ESS Member States Endorse New Project Schedule

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Chair of the ESS external schedule review, Mark Reichanadter of the SLAC National Accelerator Laboratory in the US, addressing members of the ESS Council on June 4, 2018. PHOTO: ESS

The ESS Council has endorsed the project’s new schedule to completion as the appropriate planning basis for the facility’s construction. Through a detailed analysis of tens of thousands of interlinked work packages, ESS management has addressed Target Building delays while maintaining the 2023 milestone for the start of the user programme.

LUND—The European Spallation Source ERIC (ESS) Council met in Lund June 4-5 for their 13th meeting. At the top of the agenda was the reassessment of the ESS baseline schedule undertaken by ESS management over the past several months. The new schedule for completion, which will maintain the key milestone to begin the scientific user programme in 2023, has now been endorsed by Council and the ESS member states.

Read the Chair's Summary from Council 13


“Through an adjustment of our plans we have managed to keep the start of the ESS scientific user program as foreseen in 2023,” said ESS Director General John Womersley. “This is in spite of delays in completion of the Target Building, which will result in the start of neutron production later than originally planned.”

Tens of Thousands of Interlinked Work Packages

To establish the new schedule, tens of thousands of interlinked work packages were scrutinised by ESS, along with hundreds of in-kind deliveries, encompassing a top-to-bottom reassessment of the schedule for completion.

The original ESS timeline was established before construction began in 2014, and has now been impacted by building delays resulting from ESS’ implementation of uprated seismic and security standards adopted in Sweden, and indeed globally, in recent years. Primarily impacting the design and construction of the ESS Target Building, the strengthened standards were formulated in the aftermath of Fukushima and amid a general increase in concern over antagonistic threats around the world.

Instrument Commissioning to Begin in 2022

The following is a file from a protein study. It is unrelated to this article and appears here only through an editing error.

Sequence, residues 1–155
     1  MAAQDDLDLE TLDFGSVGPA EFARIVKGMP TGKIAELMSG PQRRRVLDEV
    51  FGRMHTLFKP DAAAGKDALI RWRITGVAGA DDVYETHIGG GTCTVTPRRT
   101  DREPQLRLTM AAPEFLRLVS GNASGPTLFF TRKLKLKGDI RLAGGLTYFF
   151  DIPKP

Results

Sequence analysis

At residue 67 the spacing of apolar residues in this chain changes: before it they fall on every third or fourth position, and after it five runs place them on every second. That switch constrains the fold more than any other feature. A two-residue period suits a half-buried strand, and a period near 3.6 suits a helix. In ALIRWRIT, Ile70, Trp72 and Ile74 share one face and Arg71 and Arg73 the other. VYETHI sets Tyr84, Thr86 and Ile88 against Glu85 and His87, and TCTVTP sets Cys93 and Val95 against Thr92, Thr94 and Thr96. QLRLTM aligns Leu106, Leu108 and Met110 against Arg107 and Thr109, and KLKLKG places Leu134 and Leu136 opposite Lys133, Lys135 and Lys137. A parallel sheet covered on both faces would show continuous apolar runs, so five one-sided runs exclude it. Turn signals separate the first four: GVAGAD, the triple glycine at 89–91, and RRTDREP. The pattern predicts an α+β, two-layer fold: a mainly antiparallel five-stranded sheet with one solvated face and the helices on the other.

ESS Council first acknowledged the impact of the Target Building delays in their December 2017 meeting. The project-wide assessment, completed in the spring, was subjected last month to a review by a panel of independent experts. This committee has endorsed the new plan and supports ESS’ approach to solving the scheduling challenges. Chair of the external review, Mark Reichanadter of the SLAC National Accelerator Laboratory in the US, delivered the committee’s report to Council on Monday.

“The review committee was duly impressed by ESS’ excellent progress toward delivering the most powerful neutron source facility in the world,” said Reichanadter. “The revised schedule is well thought out and based on sound methodology, the results of which the committee endorses.”

The European Spallation Source on June 4, 2018.

PHOTO: Perry Nordeng/ESS

ESS’ approach to the new schedule has also been reviewed by the ESS Scientific Advisory Committee (SAC). The new plan has the goal to start instrument commissioning in 2022, with early scientific experiments to be carried out on the first three instruments as soon as possible thereafter. This is also the goal approved by Council in this week’s meeting.

The ESS project stands now at 45% complete. Civil construction is well advanced, with several buildings transferred from the construction contractor to ESS for installation and commissioning work. Key parts of the accelerator are being installed, with other accelerator and target components in different stages of prototyping and production at in-kind partners across Europe. The construction of most of the facility’s scientific instruments has moved into detailed design, while news from the site demonstrates a steady march toward completion.


ESS is organised under the European Commission's ERIC legal framework. The ESS Council is the organisation's highest governing body.